“Anytime an officer was getting assaulted or was in trouble that was really tough to listen to in your ear and know that you’re not physically going out to help,” she said. “And you’re kinda powerless to just be sitting behind that computer screen listening to it.”
The trauma study noted that the calls that cause the most peritraumatic distress involved children or first-responders.
It’s that feeling of being like powerless and helpless that really, I would say, was one of the harder things to deal with,” she said.
911 communication centers struggle with turnover rates. The national average turnover rate for dispatchers is between 14 and 17 percent, said Athens-Clarke County Public Information Officer Geoffrey Gilland.
By comparison, the average turnover rate in emergency medical services (EMS) is 10.7 percent, according to a report in the U.S. National Institutes of Health’s National Library of Medicine.
“Our average is less than 7 percent. We have a pretty stable environment,” Gilland said. “It’s pretty amazing.”
While dispatch employment is expected to grow 8 percent by 2026, the Bureau of Labor Statistics said, the majority of these openings come from dispatchers who leave their positions
Bocanegra estimated that three-fourths of potential hires would not proceed past training. She decided to continue out of a sense of duty despite the difficulty.
“I felt that if I wasn’t going to do it, who else was going to? Because I knew that we had so few people anyway,” she said. “Truthfully, personally, I think it was guilt.”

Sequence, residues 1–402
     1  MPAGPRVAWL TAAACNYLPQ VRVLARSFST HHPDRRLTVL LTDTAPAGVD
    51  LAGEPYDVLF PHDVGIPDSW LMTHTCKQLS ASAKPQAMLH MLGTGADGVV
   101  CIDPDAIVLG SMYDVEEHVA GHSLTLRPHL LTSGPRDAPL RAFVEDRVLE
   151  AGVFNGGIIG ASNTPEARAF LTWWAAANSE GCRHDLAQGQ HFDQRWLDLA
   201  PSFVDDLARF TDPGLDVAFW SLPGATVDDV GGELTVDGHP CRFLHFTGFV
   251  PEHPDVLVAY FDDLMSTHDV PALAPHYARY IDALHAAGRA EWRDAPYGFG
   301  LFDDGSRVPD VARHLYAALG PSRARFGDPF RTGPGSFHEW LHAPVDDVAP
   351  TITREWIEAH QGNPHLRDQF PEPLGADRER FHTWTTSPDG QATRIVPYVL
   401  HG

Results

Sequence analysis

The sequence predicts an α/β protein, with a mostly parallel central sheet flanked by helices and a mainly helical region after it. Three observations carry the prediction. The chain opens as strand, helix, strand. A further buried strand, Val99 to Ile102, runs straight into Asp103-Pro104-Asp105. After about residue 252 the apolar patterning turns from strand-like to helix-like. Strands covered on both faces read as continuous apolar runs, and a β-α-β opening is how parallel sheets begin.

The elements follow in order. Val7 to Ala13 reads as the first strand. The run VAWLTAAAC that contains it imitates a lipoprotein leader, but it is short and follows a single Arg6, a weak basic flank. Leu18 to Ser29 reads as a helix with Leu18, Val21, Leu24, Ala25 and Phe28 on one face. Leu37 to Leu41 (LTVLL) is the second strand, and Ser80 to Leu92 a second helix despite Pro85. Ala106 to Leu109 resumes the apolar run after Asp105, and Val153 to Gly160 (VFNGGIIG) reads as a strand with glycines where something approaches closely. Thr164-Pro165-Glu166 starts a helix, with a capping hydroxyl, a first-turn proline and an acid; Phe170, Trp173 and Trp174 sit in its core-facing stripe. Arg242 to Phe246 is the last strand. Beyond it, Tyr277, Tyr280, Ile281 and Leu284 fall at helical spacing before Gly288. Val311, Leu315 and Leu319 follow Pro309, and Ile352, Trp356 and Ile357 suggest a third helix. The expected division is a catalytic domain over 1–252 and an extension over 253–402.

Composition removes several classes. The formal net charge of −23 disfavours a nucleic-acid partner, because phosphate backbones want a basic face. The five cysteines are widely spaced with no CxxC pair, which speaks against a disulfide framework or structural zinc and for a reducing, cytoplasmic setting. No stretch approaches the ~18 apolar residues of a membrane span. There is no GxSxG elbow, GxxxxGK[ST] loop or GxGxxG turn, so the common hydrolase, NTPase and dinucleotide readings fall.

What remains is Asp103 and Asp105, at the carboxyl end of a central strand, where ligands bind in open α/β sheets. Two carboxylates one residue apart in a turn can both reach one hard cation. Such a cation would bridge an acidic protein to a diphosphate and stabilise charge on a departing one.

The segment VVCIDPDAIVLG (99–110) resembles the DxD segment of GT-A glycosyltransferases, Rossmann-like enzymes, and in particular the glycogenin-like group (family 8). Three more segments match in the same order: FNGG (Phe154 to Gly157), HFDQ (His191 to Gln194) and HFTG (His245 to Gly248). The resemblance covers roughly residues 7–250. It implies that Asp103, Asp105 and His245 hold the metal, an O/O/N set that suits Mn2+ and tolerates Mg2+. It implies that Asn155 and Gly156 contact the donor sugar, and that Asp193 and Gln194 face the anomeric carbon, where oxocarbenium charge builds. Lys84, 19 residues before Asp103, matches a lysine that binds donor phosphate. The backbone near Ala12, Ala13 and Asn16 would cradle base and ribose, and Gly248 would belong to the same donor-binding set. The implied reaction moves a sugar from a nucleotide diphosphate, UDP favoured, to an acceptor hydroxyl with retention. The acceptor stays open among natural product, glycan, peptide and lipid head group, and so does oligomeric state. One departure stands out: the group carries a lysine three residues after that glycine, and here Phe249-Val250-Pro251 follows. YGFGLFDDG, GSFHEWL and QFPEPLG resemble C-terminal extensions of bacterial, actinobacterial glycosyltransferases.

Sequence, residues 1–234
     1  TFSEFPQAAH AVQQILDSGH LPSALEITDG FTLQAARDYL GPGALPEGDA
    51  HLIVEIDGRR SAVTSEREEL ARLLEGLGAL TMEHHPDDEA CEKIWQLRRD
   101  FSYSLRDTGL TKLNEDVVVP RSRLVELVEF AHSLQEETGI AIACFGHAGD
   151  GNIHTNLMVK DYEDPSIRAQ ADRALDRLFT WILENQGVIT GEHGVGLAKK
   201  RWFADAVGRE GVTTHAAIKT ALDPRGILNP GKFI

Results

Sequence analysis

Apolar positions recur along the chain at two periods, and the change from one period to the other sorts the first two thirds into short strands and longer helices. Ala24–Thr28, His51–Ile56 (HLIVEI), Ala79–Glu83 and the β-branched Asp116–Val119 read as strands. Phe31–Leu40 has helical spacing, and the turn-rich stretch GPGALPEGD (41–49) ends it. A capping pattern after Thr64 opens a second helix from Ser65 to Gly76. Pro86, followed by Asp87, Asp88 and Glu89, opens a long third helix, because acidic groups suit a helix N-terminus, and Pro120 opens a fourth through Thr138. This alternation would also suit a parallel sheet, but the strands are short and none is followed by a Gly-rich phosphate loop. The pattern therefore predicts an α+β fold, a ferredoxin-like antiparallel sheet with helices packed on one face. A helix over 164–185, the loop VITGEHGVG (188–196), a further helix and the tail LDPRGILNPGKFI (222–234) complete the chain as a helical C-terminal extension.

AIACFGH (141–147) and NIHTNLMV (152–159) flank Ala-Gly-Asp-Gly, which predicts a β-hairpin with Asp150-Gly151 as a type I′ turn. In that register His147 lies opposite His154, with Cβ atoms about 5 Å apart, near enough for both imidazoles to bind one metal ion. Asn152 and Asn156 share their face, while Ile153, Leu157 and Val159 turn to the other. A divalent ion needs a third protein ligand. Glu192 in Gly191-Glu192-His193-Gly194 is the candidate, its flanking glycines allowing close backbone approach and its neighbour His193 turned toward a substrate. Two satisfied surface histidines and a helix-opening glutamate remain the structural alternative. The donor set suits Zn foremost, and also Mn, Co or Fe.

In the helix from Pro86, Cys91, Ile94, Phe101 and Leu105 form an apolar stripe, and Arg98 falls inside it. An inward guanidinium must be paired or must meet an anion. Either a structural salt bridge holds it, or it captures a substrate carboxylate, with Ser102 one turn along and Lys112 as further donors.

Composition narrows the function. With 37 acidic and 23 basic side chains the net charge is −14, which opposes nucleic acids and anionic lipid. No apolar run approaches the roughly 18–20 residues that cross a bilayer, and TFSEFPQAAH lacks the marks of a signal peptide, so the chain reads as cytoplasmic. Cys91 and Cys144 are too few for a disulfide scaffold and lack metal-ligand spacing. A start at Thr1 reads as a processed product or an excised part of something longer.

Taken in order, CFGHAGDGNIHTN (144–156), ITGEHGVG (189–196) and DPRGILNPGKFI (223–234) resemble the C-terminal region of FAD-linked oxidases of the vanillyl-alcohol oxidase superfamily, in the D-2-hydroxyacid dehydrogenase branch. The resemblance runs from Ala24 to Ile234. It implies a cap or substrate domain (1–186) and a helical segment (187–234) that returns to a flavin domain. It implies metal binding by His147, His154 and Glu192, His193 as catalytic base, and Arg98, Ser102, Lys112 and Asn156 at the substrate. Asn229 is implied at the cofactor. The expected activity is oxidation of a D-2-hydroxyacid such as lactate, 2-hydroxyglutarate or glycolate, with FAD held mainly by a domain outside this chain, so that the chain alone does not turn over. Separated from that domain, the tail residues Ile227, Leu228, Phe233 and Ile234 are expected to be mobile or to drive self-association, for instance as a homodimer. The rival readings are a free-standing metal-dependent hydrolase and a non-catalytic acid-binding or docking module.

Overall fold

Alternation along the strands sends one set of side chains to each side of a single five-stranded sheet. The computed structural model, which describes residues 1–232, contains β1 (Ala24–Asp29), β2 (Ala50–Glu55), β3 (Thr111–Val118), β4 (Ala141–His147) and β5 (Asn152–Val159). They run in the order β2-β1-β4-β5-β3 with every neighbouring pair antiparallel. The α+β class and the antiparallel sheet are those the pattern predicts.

There were also personal reasons that kept her in the position. Her then-husband worked in the department.
“He was a police officer, and I was a dispatcher, so it was almost a watching out for each other,” she said. “I was taking the call, and I was sending him to a call. So I wanted to feel like I knew what was going on.”
Eventually, Bocanegra decided to transfer from dispatch to crime analysis.
I was exhausted,” she said. “I just felt emotionally drained, and I wanted to be able to have a regular job.”
From Dispatch to Analysis
Bocanegra works in the Athens-Clarke County Police Department with David Griffith, 48, in the Crime Analysis Unit. Her new office still doesn’t have windows, but it does allow for more personalization.
At the 911 center, she sat at a different console every shift, so permanent personal decorations weren’t allowed. She now has pictures of her family hanging on the wall.
Bocanegra occasionally wouldn’t get a lunch break in dispatch, but now she has a mini-fridge.
She and Griffith compile crime reports from the previous two weeks and run them through a series of algorithms to create a crime map of Athens.
“There’s a lot of suspicion around predictive policing,” Griffith said. “We’ve tried really hard to eliminate bias.”
Griffith previously worked in the casino realm, tracking customer’s spending habits.
He and Bocanegra consider the geographic elements of a reported crime to see reoccurring trends. They are close to predicting 80 percent of crimes, though they aim to have that number as low as possible.
“We want our accuracy to be low,” Griffith said. “We hope [police officers] do go disrupt some crime.”
Although crime analysis isn’t as fast-paced as dispatch, the position allows Bocanegra to serve the public from the other side of law enforcement.
Instead of putting out fires, she predicts where they will spark to prevent the types of calls she used to answer.
“I very much enjoy it,” Bocanegra said.
I do think of it as continuing to keep officers safe but in a different way.”
Whitley Carpenter is a senior majoring in journalism in the Grady College of Journalism and Mass Communication at the University of Georgia.